Forging Fresh Ways to Serve Breakfast

Serving breakfast after the bell reaches more hungry students.

On May 30, 2018, Governor Phil Murphy signed into law a school breakfast bill that will give tens of thousands more NJ kids a healthy start to their school day. The new law requires schools with at least 70 percent of students eligible for free- or reduced-price meals to provide breakfast during the school day. An estimated 500 schools educating nearly 308,000 students will be required to serve breakfast “after the bell”, according to an analysis by Advocates for Children of New Jersey.

Read a primer on the new law. 

Student participation in the federal School Breakfast Program has increased 81 percent since 2010 – the year before the launch of the New Jersey Food for Thought Campaign.

This means that about 110,000 more children are receiving school breakfast each day, pushing the state from nearly last in the nation to 19th in 2017. As a result, New Jersey school districts have more than doubled the federal dollars they receive to provide breakfast, from $47.5 million in FY 2011 to an estimated $110 million in FY 2019, according to state budget figures.

Read New Jersey’s School Breakfast Story.

That’s the good news. The bad news is that from 2016 to 2017, schools statewide saw a 2 percent dip in student participation, with many large urban districts showing disappointing double-digit decreases. In fact, in April 2017, about 300,000 low-income children did not receive school breakfast, despite being eligible for and already being enrolled in the program.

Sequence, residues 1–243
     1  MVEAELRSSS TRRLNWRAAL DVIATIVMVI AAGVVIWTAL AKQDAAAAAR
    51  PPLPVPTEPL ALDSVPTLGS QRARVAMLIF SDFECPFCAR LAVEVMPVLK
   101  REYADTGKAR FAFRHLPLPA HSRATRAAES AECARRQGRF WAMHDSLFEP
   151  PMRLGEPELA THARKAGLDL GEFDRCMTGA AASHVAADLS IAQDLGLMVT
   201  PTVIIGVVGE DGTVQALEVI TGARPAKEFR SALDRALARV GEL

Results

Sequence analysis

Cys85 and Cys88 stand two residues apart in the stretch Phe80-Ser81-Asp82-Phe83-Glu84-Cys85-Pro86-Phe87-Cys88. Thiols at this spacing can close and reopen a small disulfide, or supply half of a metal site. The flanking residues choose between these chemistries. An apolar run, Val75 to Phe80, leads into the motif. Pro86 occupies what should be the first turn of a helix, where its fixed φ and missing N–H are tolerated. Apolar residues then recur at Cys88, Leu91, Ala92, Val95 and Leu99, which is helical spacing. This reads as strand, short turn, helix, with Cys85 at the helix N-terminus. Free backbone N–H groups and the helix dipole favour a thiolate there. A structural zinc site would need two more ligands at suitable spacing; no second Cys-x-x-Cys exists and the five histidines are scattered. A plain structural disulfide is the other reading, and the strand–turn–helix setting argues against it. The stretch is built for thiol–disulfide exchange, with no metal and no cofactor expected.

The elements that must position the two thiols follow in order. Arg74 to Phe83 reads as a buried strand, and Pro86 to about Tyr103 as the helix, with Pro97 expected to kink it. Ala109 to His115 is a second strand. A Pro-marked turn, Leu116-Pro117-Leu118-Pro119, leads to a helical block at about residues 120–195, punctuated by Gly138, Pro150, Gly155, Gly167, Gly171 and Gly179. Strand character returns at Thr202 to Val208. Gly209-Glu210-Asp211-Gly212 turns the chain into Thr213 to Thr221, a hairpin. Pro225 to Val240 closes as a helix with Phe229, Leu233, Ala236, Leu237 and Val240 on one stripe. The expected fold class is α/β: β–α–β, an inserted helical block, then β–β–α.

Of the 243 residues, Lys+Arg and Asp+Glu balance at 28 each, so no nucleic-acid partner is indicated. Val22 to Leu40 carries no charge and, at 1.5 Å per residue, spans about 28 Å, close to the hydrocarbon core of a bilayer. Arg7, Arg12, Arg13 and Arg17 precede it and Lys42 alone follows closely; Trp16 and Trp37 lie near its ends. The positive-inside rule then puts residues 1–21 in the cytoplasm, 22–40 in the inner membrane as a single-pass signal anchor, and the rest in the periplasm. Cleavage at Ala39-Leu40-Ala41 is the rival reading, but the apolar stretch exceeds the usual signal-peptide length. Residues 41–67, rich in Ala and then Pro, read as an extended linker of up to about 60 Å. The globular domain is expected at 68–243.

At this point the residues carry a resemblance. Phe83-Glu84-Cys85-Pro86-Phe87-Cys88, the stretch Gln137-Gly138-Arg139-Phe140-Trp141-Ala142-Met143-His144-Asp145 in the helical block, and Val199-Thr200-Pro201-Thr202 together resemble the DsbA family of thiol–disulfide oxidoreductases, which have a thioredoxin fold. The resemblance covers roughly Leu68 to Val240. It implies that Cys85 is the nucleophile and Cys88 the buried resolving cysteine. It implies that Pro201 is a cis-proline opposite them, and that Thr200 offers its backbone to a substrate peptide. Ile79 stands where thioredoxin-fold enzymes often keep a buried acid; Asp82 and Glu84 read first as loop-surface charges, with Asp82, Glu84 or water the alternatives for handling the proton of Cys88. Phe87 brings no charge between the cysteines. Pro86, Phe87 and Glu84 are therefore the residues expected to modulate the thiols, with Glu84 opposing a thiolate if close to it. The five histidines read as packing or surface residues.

Solution: Breakfast After the Bell

These students are already enrolled in the program. The problem is that many school districts continue to serve breakfast before school when most children have not yet arrived. When districts serve breakfast before school, many students simply can’t access the meal. Time constraints, transportation, early start times and other issues prevent children and teenagers from getting to school with enough time to eat breakfast before the first bell rings.

The solution is simple: serve breakfast during the first few minutes of the school day and offer the meal to all students, eliminating stigma. Known as breakfast after the bell, this approach boosts breakfast participation and ensures that all children begin their school day with the nutrition they need to concentrate and learn.

Local advocates can make a difference in their communities by convincing school officials to make this very do-able change to breakfast service. The Food for Thought Campaign, led by Advocates for Children of New Jersey and Hunger-Free New Jersey, encourages parents, teachers, community members and others to use the data, fact sheets, videos and other information on this website to influence change in their own backyards.

View advocacy tools.